The giant Salmonflies of the Western mountains are legendary for their proclivity to elicit consistent dry-fly action and ferocious strikes.
I don't know for sure that this is Drunella tuberculata, but that's my best guess for now.
It certainly has a different look and much more robust body shape from Drunella lata duns I photographed a couple weeks earlier, so I doubt it's that species. Using distribution records to eliminate other choices narrows this down to Drunella tuberculata or Drunella walkeri.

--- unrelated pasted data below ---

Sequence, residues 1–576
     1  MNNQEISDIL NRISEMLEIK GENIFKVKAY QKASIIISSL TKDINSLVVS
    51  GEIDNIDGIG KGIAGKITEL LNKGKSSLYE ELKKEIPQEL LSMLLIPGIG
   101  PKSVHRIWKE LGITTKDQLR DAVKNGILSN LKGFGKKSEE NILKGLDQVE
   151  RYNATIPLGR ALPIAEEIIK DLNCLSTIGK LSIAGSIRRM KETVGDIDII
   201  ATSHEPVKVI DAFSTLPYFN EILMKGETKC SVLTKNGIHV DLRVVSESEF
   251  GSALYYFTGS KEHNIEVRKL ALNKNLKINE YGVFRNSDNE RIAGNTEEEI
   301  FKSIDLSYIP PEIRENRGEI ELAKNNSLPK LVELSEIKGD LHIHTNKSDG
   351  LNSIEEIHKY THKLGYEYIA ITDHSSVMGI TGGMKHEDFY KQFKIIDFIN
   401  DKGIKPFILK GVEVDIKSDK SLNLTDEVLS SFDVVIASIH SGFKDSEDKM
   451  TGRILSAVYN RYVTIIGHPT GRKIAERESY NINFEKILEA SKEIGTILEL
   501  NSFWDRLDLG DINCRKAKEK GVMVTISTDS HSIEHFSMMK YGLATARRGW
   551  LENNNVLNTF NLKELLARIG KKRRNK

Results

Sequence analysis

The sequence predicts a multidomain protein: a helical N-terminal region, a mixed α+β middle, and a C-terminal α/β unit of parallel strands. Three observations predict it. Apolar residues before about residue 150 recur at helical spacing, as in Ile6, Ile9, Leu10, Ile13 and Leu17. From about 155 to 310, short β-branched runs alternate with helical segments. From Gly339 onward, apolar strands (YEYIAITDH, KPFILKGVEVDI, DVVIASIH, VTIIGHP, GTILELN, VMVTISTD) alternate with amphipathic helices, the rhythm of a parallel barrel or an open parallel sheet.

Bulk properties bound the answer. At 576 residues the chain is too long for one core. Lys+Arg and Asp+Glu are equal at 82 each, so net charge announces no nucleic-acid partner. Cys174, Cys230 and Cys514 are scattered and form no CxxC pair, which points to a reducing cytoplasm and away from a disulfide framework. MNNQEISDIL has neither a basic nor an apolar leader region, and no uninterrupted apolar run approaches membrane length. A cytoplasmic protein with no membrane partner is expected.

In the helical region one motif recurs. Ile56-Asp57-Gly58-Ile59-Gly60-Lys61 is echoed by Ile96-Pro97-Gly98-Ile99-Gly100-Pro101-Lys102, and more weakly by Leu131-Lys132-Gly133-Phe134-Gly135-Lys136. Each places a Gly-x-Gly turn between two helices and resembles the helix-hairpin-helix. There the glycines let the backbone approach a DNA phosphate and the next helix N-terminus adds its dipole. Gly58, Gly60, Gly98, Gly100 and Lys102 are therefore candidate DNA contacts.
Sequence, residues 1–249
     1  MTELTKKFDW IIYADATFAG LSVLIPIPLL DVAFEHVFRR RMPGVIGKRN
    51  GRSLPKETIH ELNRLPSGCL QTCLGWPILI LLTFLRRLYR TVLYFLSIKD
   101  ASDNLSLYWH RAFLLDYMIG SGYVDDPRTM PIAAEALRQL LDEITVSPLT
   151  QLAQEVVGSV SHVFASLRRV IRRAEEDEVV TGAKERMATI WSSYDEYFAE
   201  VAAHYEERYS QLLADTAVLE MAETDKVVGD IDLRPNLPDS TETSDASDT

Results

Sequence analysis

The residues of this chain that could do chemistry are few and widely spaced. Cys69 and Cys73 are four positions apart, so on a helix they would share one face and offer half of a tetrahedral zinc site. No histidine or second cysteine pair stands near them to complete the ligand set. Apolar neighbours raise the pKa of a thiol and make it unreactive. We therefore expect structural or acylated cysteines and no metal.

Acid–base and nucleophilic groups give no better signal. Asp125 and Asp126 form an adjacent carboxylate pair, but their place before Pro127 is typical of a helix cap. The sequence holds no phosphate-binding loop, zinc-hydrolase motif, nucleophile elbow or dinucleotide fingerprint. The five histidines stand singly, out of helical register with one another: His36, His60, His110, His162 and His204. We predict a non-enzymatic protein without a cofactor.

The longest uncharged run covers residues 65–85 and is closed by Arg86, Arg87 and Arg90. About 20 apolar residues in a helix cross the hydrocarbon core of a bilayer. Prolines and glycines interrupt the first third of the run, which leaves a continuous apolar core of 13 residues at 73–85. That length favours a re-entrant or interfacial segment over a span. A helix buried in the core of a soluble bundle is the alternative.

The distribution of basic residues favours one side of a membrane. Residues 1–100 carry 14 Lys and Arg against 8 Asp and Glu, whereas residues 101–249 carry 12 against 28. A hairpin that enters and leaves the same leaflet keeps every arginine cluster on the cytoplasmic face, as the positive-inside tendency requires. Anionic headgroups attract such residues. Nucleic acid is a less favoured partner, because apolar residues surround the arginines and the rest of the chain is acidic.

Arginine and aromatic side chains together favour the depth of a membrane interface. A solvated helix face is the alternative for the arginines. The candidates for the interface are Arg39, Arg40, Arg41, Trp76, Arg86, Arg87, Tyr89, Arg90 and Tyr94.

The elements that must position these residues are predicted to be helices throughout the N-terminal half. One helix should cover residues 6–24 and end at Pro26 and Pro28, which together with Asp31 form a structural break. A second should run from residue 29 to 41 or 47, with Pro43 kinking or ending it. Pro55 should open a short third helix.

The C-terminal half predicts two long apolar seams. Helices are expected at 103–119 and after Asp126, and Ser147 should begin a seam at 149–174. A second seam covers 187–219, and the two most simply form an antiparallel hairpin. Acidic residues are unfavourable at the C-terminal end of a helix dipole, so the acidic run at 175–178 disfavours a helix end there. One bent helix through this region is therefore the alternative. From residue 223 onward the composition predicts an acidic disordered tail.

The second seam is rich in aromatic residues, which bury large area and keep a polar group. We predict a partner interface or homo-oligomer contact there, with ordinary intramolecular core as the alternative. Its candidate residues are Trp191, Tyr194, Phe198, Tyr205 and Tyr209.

Markings described for the abdominal sternites of the male spinner of Drunella tuberculata are suspiciously similar to those on this female dun. Also, this dun is 9.5mm long (my ruler pic isn't very good, but I'm basing this on measuring the real thing). The size range given in the old Allen & Edmunds keys for walkeri females is 7-8mm, while tuberculata is 9-11mm. For these reasons I'm sticking it in tuberculata for now.
This is the only Drunella mayfly I saw all day. I scooped it off the water as it emerged at around 7pm from a big Catskill tailwater.